Further away from the wall is Grosvenor Park. This is regarded as one of the finest examples of a Victorian Park in England. It’s a lovely big park (20 acres), and again a haven for picnics. In the summer months there is an open air theatre (you must book tickets to watch the shows, they are really great shows. I used to work for them!) Each year there will be a comedy, tragedy/or more serious and something for the kids - do check them out at

The park has great public toilets that are nice and clean - always useful to know. There is also a miniature railway for the kids. Definitely spend some time chilling in this park, but watch out for squirrels if you’re eating! They are beyond cheeky.


The Riverfront

Back to the walls! The walls now wind down to the Riverfront. This is a gorgoues place to while away a few hours. There are numerous cafes/restaurants and bars. You can go on a pleasure cruise on one of the larger boats. Or your can hire a rowing boat or pedalo. The front has a paved promenade complete with bandstand and a few ice cream kiosks!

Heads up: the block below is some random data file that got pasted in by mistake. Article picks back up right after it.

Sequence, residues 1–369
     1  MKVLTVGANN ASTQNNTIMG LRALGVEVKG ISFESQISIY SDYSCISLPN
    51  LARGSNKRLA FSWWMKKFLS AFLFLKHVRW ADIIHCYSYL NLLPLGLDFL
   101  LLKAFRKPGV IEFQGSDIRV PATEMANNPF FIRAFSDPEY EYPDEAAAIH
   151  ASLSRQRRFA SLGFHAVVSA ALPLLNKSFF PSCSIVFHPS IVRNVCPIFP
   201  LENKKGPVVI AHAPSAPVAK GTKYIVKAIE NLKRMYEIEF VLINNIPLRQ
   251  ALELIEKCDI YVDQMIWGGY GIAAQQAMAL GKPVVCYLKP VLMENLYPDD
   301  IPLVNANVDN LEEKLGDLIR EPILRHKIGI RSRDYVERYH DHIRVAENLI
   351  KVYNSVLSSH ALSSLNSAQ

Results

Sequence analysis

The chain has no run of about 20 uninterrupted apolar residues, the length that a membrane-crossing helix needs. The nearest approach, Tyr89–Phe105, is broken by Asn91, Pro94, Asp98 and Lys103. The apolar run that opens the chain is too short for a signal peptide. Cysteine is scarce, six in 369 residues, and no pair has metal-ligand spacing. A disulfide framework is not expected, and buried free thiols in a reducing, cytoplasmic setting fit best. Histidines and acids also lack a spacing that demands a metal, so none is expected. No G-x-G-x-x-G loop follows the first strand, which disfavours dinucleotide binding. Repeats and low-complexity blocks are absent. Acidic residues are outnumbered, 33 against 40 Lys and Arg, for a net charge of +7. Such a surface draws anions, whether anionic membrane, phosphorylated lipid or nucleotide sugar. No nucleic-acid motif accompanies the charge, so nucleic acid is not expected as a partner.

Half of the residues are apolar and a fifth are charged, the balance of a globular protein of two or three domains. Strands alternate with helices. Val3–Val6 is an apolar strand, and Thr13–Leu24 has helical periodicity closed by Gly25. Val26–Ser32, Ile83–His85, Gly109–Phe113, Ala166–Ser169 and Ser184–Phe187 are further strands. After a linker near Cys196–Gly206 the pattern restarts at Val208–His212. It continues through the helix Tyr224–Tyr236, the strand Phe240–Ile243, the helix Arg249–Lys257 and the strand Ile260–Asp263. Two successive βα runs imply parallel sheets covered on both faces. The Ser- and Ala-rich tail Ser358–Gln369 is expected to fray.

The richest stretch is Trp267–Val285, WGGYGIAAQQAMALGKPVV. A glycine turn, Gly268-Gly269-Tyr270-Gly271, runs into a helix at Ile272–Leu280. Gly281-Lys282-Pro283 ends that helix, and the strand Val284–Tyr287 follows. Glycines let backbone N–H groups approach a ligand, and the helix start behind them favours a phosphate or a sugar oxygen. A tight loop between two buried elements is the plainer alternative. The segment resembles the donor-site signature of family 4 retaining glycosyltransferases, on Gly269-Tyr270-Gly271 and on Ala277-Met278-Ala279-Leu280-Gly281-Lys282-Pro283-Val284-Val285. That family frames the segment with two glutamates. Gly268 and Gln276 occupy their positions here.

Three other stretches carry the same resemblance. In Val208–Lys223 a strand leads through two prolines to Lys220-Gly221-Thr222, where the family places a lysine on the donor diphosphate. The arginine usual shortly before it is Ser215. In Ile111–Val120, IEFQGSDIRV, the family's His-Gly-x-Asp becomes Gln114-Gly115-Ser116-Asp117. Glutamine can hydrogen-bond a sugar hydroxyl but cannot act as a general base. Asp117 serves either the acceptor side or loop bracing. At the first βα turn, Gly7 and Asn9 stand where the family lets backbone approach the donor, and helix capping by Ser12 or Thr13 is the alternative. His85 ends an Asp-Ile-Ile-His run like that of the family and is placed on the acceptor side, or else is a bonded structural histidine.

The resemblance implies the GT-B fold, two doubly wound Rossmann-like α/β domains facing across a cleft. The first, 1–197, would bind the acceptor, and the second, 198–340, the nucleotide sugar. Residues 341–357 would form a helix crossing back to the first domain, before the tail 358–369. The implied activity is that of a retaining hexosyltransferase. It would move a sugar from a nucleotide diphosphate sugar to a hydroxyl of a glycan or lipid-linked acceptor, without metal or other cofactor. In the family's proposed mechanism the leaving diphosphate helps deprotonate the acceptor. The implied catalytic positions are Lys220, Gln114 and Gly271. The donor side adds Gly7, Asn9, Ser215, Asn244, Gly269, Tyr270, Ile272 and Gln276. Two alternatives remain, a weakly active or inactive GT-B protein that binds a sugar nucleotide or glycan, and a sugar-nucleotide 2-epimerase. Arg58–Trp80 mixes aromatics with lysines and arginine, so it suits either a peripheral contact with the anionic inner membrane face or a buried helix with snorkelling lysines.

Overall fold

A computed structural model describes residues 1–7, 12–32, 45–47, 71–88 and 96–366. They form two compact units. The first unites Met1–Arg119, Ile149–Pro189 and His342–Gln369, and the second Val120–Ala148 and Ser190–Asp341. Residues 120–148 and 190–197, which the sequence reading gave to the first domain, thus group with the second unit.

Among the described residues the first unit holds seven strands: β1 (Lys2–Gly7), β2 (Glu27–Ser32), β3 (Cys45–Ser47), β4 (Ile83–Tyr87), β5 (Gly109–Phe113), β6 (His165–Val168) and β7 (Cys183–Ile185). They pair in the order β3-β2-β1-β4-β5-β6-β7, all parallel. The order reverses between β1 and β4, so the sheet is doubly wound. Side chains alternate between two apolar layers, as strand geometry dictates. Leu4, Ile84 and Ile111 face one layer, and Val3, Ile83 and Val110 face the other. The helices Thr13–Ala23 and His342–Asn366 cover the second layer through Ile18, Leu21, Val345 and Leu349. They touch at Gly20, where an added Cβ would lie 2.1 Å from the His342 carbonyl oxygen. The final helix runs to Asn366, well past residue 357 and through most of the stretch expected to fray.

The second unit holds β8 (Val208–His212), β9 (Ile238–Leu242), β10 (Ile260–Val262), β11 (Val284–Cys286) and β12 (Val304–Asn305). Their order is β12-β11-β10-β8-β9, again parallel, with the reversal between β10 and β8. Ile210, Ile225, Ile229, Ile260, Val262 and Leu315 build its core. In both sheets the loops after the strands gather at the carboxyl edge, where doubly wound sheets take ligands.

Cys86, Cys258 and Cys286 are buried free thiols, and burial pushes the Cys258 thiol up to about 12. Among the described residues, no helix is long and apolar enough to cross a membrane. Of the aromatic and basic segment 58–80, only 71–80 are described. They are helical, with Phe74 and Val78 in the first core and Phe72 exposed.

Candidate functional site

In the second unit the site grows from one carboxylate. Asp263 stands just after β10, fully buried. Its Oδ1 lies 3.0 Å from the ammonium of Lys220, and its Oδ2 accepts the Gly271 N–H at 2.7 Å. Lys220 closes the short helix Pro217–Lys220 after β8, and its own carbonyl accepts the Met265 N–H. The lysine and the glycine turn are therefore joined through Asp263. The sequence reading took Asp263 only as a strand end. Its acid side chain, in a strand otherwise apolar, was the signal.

The Bear and Billet

At this time Wills had been whinging about his pint for some time (since about the bell tower!! We were also starving as we though we’d have gotten all this done in a hour and we were into our 3rd hour! We had planned to go to the Bear and Billet for our pint as it’s the finest 17th Century framed timber house in Chester and one of the last remaining timber framed houses in England. Super music Tricia for you, John Lennon grandmother was born in this pub! We were super glad to learn that they A)served food B) had a table as we hadn’t booked! We ordered a beef Sunday dinner and it was AMAZING!!!



We had a lovely pint of Amstel as we reminisced about our day. It definitely took longer that we anticipated, but was great fun and made us appreciate just what an amazing city we have on our doorstep!

Cheers to the good times